Things You'll Need
Almost all irrigation systems, for commercial or residential applications, contain a built-in drain valve. This valve is typically located on the sprinkler manifold, which controls the flow of water to individual zones. This drain valve allows users to literally pull the plug on the system, and for the water to drain from the manifold and the vacuum breaker. These two parts are the most susceptible to breakage, so it's important to drain them at the end of every watering season.
Locate the sprinkler manifold. It is usually located inside an irrigation control box, which is black with a green lid. Look for it around the perimeter of the house or business.
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Open the lid. You may have to insert a flat-head screwdriver into the tab on the top to pry the lid open.
Locate the drain valve. It is usually red, and located at the end of the manifold assembly.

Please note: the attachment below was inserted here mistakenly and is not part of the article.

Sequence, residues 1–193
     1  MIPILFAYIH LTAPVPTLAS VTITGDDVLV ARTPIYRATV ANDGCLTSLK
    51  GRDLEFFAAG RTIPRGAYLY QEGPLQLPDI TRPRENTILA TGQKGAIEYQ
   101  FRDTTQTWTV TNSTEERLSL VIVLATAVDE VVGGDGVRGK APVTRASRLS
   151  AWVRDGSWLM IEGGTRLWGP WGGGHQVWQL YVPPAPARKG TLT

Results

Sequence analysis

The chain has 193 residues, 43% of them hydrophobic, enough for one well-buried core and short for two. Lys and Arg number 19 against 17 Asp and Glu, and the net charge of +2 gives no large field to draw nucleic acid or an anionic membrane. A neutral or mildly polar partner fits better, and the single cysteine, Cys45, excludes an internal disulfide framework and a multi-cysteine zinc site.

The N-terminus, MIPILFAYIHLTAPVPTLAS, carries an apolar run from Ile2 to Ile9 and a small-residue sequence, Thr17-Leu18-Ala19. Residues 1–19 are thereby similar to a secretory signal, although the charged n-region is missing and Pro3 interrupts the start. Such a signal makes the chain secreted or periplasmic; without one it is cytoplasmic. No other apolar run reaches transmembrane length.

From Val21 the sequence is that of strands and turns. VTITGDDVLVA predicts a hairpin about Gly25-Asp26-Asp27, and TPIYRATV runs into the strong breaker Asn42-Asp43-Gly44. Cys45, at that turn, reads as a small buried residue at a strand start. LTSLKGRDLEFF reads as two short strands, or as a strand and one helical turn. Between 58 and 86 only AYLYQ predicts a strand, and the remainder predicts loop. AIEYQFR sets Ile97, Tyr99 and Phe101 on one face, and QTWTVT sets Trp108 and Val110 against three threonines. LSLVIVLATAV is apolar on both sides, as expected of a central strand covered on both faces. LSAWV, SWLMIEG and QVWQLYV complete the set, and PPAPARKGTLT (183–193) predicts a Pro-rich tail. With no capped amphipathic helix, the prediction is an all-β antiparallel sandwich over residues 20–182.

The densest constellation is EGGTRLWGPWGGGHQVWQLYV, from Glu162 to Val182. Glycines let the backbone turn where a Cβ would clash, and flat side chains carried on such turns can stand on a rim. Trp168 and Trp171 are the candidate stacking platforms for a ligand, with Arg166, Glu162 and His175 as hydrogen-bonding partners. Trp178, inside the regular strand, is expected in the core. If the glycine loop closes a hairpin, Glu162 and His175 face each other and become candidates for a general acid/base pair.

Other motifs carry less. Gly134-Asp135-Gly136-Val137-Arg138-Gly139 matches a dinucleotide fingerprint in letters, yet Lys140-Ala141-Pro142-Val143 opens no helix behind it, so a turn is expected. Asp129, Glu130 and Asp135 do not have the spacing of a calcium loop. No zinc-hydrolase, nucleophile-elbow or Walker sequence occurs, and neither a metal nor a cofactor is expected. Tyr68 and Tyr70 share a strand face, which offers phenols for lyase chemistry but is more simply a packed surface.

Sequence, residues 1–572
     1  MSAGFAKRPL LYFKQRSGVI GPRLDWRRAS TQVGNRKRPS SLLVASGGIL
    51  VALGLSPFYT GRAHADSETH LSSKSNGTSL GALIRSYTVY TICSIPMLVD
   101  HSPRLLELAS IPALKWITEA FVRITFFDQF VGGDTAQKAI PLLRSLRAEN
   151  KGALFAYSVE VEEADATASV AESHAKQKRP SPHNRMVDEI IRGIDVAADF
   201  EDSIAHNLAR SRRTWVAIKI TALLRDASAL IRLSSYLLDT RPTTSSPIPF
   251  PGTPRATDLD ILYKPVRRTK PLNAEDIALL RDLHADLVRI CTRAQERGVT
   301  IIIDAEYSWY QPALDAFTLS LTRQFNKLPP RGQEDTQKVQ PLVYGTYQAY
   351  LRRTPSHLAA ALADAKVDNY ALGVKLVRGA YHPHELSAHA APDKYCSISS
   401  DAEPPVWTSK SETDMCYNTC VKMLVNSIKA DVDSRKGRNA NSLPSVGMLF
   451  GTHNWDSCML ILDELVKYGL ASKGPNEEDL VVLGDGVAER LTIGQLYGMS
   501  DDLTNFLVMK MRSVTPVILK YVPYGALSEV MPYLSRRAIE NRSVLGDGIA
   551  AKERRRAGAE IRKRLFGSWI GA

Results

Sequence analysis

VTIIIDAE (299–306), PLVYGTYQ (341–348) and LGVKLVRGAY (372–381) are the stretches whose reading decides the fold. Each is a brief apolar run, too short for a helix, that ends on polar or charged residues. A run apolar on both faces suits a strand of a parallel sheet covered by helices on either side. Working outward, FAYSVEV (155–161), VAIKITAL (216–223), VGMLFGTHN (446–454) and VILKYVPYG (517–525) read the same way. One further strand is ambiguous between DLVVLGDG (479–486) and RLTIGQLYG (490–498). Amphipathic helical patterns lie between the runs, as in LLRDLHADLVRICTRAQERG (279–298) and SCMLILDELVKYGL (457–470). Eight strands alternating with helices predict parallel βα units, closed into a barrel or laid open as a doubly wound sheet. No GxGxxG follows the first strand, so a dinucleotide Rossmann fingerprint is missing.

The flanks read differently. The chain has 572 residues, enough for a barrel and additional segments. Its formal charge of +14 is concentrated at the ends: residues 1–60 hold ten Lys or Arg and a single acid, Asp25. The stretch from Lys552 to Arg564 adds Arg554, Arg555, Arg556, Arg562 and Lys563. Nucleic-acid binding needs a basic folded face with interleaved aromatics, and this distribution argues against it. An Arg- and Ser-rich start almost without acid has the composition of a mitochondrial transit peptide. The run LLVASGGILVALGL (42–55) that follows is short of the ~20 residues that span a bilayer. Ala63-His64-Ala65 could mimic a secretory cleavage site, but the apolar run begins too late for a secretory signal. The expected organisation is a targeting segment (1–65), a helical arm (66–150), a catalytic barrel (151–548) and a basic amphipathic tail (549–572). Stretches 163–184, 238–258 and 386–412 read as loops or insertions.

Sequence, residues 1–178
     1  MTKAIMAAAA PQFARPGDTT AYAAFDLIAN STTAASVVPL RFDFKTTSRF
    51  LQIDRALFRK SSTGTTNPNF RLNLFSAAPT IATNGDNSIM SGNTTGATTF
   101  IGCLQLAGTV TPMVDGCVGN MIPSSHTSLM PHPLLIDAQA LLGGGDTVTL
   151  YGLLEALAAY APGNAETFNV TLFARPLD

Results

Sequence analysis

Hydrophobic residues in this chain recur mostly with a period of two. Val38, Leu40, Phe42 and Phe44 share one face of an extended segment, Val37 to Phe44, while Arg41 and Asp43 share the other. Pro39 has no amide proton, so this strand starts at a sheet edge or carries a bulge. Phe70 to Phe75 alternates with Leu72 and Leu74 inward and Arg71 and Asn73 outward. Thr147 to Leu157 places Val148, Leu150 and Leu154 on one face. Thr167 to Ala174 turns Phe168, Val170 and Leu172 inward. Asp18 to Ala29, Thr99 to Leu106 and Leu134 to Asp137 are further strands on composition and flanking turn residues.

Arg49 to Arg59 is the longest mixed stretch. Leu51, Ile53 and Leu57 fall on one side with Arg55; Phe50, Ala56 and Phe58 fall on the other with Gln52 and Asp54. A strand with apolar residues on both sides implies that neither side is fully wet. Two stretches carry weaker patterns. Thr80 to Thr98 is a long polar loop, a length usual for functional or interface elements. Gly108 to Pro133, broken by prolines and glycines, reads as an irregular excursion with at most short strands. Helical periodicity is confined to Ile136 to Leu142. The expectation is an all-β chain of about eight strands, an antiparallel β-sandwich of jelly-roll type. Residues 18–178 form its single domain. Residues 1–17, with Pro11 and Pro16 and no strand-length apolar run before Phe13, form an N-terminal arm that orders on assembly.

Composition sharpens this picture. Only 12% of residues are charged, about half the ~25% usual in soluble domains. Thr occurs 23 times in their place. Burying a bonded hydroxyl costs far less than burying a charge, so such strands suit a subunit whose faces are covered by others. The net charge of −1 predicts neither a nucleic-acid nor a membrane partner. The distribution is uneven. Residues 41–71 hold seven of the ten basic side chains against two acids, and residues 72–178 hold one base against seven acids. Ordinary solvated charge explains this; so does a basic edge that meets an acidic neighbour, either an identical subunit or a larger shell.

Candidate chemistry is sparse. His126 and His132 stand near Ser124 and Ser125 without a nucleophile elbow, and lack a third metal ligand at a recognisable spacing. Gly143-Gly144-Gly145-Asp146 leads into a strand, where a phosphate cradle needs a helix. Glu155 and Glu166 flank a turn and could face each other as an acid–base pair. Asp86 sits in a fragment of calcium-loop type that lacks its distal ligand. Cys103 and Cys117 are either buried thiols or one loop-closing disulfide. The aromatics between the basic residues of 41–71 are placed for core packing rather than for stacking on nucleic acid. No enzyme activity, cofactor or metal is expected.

Pull up all of your sprinkler heads if they contain check valves. This will allow the water to flow back to the manifold. Sprinkler heads can be pulled using your fingers or a pair of needle-nose pliers.
Put on protective gloves. Turn the drain valve counterclockwise until it stops. Water will begin rushing from the valve opening.
Allow the system to drain itself for at least five minutes.
Unscrew the drain cap on the bottom of the vacuum breaker, and turn both handles on the breaker to 45-degree angles. This will allow any remaining water inside the breaker or the supply line to drain out.
Leave the valve open for the winter. This will allow any remaining water to expand and leave the system without breaking the manifold.